Conceiving biomaterials able to mimic the specific environments of extracellular matrices are a prerequisite for tissue engineering applications. Numerous types of polymers (PEG, PLA, etc.) have been used for the design of biocompatible scaffolds, but they are still less efficient than natural biopolymers such as collagen extracts. Chemically modified and loaded with different bioactive factors, biopolymers afford an environment favourable to cell proliferation and differentiation. Unfortunately, they present several drawbacks, such as weak batch-to-batch reproducibility, potential immunogenicity and high cost of production. Herein we propose a fully synthetic covalent hydrogel obtained by sol–gel polymerization of a silylated peptide. We selected a short and low molecular building-block derived from the consensus collagen sequence [Pro-Hyp-Gly]. Interestingly, the sol–gel process occurs in physiological buffer, enabling the embedment of stem cells. This collagen-inspired hydrogel provides a cell-friendly environment comparable to natural collagen substrates, demonstrating its potency as a biomimetic scaffold.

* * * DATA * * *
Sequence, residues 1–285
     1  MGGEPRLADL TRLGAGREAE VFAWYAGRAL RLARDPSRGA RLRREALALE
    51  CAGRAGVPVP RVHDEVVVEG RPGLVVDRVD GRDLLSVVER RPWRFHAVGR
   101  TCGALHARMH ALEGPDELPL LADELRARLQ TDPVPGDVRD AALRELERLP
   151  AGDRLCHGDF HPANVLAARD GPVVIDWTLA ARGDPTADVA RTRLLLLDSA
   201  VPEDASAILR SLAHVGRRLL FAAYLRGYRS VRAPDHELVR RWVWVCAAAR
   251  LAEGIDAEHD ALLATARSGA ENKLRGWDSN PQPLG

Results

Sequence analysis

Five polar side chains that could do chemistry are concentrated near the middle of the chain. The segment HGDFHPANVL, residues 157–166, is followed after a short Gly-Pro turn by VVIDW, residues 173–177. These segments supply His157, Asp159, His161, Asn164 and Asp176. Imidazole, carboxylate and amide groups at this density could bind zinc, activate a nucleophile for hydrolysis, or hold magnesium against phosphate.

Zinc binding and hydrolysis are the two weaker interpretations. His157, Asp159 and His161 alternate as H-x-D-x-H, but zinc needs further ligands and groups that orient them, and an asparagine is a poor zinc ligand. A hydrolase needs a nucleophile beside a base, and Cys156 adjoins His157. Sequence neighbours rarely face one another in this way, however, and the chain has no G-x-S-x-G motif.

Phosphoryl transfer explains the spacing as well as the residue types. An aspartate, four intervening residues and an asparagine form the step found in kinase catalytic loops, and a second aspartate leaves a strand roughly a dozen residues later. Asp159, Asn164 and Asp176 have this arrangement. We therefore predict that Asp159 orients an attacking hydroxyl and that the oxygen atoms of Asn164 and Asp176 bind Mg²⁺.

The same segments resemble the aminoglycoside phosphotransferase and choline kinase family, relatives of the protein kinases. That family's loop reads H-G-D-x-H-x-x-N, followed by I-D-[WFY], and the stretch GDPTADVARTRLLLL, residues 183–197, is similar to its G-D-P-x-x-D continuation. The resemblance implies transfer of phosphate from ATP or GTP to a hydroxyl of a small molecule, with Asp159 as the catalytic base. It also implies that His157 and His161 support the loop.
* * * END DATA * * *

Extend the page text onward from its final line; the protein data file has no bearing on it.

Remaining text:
Read full text on ScienceDirect

DOI: 10.1016/j.mattod.2017.02.001